Dozens killed in double car-bomb attack in southern Iraq

Dozens killed in double car-bomb attack in southern Iraq
An Islamic State-claimed twin bombing attack in Iraq's southern city of Samawa kills at least 33 people and wounds over 50 others, officials confirmed on Sunday.
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Two bomb blasts in the southern Iraqi city of Samawa Sunday killed at least 33 people and wounded more than 50.

"The hospitals have received 33 dead," a senior official in the Muthanna health department, which covers Samawa, told AFP.

An officer in Muthanna Operations Command confirmed the toll.

They said at least 50 people were also wounded in the blasts in Samawa, 230 kilometres south of Baghdad.

"Two car bombs went off in the town. The first one was at around midday near a bus station in the city centre," a senior police officer in Muthanna province said.

"The other exploded about five minutes later, 400 metres from the spot of the first explosion," he said.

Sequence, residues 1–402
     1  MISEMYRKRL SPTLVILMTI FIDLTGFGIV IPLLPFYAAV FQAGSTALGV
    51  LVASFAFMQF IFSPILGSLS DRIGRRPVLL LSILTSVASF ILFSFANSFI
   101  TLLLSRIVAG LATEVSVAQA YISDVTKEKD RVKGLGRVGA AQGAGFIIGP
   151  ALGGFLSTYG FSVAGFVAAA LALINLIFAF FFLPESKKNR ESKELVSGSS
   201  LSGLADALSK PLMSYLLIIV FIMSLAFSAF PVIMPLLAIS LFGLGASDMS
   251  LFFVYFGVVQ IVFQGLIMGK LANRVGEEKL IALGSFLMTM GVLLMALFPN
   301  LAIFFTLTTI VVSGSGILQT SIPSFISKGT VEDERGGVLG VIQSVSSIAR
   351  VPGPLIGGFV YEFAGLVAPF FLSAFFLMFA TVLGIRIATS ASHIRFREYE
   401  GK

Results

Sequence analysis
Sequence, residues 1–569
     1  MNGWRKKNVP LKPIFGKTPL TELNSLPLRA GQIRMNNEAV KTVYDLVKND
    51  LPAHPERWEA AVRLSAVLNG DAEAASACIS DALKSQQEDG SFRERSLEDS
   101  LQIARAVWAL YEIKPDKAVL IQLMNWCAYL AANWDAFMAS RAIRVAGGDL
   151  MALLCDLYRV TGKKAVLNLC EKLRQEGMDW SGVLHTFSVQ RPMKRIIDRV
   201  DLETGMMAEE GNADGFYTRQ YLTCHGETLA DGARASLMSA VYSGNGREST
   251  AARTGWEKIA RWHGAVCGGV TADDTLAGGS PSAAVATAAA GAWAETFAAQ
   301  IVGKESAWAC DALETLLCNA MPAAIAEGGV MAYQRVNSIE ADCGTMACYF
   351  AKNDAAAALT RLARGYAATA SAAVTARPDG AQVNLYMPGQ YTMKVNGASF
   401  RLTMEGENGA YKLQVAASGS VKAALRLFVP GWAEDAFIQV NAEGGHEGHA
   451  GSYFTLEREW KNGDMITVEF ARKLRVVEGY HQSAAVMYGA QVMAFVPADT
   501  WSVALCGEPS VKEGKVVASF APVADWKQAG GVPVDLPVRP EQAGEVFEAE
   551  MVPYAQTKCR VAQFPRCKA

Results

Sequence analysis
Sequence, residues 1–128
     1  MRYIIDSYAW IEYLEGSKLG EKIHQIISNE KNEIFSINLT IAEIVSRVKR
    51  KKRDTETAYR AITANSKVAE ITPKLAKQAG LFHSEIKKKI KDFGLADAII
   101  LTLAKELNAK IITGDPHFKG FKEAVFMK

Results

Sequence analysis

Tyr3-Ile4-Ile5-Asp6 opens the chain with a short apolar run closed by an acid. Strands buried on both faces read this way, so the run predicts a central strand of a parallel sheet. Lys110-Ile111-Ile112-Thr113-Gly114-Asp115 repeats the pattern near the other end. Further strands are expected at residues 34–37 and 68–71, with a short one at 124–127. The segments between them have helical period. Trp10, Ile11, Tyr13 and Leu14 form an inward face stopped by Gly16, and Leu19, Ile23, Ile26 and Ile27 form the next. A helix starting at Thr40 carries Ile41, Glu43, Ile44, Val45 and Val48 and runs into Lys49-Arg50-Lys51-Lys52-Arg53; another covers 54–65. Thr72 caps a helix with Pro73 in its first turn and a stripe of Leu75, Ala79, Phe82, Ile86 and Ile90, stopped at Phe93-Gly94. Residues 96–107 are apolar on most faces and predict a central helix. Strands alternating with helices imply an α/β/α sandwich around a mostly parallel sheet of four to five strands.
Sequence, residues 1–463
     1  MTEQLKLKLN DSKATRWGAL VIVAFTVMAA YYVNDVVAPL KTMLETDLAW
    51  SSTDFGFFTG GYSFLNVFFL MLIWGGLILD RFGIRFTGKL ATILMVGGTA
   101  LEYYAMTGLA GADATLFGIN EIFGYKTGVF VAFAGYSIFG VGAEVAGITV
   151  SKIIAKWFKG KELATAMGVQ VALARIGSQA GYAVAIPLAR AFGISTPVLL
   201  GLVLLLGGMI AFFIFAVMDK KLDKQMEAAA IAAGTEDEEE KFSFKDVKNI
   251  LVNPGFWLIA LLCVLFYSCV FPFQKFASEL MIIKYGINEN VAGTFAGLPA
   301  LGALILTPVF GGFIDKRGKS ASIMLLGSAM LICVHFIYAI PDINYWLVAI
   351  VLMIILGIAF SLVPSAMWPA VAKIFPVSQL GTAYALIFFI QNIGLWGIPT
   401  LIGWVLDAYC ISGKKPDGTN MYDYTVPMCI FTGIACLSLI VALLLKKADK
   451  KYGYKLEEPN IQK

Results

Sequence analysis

The ultra radical jihadist group Islamic State later claimed responsibility for the attacks.

Samawa is the capital of Muthanna and lies deep in Iraq's Shia heartland and such attacks there are rare.

Muthanna also borders Saudi Arabia and a vast Iraqi desert that connects the troubled province of Anbar with the south.

A car bomb just outside Baghdad on Saturday killed at least 23 people, according to security and medical sources.

That attack targeted Shia faithful walking to the northern Baghdad shrine of Imam Musa Kadhim, the seventh of 12 imams revered in Shia Islam.

The Iraqi capital remains on high security alert for a whole week as the faithful walk from all over the country to commemorate Imam Kadhim.

IS, which considers Shias heretics, almost systematically attempts to target pilgrims marching to holy sites during Iraq's many religious commemorations.